Эрдсийг эрдэнэст
Ирээдүйг өндөр хөгжилд
Mining The Resources
Minding the future

We need to look at the benefits of dynamic growth to be effective in the future


Economist J.Delgersaikhan

The Oyu Tolgoi project negotiations have gone on for some time with no clear outcome reached. How do you evaluate this negotiation?

The negotiations are, indeed, slow going over more than ten months, but the scope and content of the project are big. Thus, this could take anywhere between 1-2 years. From my perspective, the negotiations are running relatively effectively since the parties have exchanged proposals several times during this period. The success of the project negotiation will be measured by how the disadvantages of the contract and cost overruns are resolved in favor of the Mongolian side, and whether conditions have been ensured for the project’s further implementation.

Rio Tinto has submitted several proposals to the government. For example, it proposed to write off 70 percent of the debt on Mongolia’s 34 percent owned shares. Can this and other proposals be beneficial to Mongolia?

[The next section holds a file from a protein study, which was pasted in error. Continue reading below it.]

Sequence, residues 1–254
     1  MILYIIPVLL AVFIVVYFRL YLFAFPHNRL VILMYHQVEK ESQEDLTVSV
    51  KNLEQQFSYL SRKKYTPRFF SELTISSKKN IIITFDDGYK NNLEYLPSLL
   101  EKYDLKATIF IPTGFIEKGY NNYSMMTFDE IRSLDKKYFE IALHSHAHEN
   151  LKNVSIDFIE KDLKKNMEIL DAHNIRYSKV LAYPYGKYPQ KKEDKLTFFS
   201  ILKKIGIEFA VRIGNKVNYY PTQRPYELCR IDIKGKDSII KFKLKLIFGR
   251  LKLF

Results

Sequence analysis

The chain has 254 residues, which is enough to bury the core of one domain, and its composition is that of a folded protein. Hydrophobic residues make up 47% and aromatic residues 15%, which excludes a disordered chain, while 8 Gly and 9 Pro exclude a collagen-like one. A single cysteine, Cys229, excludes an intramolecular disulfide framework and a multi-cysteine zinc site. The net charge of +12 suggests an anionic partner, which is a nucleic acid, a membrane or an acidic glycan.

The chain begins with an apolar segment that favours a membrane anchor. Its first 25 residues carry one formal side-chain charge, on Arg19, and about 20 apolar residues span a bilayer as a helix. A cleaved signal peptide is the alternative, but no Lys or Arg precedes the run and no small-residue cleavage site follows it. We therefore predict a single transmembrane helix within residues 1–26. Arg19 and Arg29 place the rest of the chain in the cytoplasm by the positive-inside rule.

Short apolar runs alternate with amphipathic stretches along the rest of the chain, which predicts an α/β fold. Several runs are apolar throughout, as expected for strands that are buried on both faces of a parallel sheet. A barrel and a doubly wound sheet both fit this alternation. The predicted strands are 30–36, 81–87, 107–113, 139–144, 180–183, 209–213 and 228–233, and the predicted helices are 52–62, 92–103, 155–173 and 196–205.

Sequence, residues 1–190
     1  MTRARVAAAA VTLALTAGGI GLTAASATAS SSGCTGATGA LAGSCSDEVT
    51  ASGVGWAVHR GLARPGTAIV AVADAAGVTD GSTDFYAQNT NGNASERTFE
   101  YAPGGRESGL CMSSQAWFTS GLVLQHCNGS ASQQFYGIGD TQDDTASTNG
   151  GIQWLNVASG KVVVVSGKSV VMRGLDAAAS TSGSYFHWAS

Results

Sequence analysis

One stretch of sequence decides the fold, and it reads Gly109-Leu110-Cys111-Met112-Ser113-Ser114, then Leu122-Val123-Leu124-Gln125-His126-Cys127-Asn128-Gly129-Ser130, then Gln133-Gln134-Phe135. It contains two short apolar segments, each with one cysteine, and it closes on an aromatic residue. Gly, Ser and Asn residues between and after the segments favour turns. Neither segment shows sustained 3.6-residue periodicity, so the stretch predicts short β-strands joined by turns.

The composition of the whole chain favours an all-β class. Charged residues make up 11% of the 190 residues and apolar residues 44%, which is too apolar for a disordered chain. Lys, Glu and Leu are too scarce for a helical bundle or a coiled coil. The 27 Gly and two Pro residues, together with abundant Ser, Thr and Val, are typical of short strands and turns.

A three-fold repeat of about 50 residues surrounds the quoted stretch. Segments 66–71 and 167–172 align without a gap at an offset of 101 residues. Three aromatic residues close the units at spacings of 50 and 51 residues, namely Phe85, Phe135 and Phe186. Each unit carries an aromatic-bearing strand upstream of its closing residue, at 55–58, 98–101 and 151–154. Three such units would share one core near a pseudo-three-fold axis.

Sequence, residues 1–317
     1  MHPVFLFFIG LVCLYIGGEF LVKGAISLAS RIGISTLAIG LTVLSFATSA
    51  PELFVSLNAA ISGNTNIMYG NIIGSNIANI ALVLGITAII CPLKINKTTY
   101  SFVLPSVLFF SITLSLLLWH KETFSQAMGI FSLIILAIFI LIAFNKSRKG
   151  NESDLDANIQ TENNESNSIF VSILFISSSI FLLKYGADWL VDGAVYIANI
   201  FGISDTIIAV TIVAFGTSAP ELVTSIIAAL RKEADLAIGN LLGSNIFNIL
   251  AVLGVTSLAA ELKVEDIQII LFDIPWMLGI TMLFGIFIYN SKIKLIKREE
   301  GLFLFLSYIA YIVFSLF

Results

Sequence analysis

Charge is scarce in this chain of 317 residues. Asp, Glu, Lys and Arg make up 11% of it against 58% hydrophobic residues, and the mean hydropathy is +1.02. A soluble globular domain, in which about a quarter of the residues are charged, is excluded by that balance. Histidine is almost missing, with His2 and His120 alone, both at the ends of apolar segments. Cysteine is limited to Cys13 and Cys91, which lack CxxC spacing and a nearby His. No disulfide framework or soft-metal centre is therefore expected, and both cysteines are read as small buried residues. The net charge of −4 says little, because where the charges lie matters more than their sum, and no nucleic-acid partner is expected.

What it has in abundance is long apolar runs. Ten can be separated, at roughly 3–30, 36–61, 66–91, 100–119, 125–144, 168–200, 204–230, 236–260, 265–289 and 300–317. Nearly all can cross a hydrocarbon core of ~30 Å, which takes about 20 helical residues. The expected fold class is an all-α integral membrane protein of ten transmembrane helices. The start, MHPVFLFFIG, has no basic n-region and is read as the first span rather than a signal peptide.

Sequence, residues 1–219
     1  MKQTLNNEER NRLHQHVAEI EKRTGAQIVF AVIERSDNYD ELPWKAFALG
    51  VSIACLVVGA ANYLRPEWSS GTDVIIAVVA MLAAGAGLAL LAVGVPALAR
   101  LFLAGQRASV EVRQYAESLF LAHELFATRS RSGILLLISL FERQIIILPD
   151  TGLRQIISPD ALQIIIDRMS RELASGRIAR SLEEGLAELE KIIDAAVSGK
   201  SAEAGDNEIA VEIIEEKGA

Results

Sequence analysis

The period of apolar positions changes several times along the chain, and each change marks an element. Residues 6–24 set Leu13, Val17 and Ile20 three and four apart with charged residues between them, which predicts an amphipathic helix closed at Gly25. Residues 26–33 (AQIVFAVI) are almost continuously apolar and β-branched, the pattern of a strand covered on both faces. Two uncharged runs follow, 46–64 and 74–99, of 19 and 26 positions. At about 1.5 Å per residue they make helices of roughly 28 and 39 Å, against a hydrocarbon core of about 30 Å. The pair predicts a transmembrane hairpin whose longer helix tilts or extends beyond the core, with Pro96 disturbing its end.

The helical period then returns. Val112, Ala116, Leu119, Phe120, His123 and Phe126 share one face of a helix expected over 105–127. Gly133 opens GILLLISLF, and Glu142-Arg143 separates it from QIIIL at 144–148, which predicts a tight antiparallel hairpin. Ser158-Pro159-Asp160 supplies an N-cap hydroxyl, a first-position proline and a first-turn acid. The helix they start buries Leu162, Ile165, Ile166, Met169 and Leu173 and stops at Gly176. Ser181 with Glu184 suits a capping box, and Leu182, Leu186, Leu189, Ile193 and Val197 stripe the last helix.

From today’s perspective, Rio Tinto has made relatively beneficial proposals to Mongolia. There are proposals related to Mongolia’s debt and a certain amount of tax revenue to be generated for Mongolia. I am saying beneficial in a sense that these are positive proposals. It is true that the positions of both sides have become tense, and not yet reached agreement. Although no statement has been made from the government that it would favor Rio Tinto’s proposals, it looks as if it is considering to make certain changes to the project such as amendments to the investment agreement. Only the working group The Oyu Tolgol project: How are negotiations proceeding? Negotiations between the Government of Mongolia and Rio Tinto on the implementation of the Oyu Tolgoi project continue with proposals from both sides. MMJ reached out to the parties for clarification on progress. Both parties declined comment. Two economists shared their analysis on the project. Economist J.Delgersaikhan Project negotiations may take 1 to 2 years R. Renchindulam deposits of strategic importance 89 The Mongolian Mining Journal November 2021 would know how further negotiations will proceed. From an economist’s point of view, the government should successfully finalize the negotiations, improve the conditions for Mongolia and continue the project in the long-term.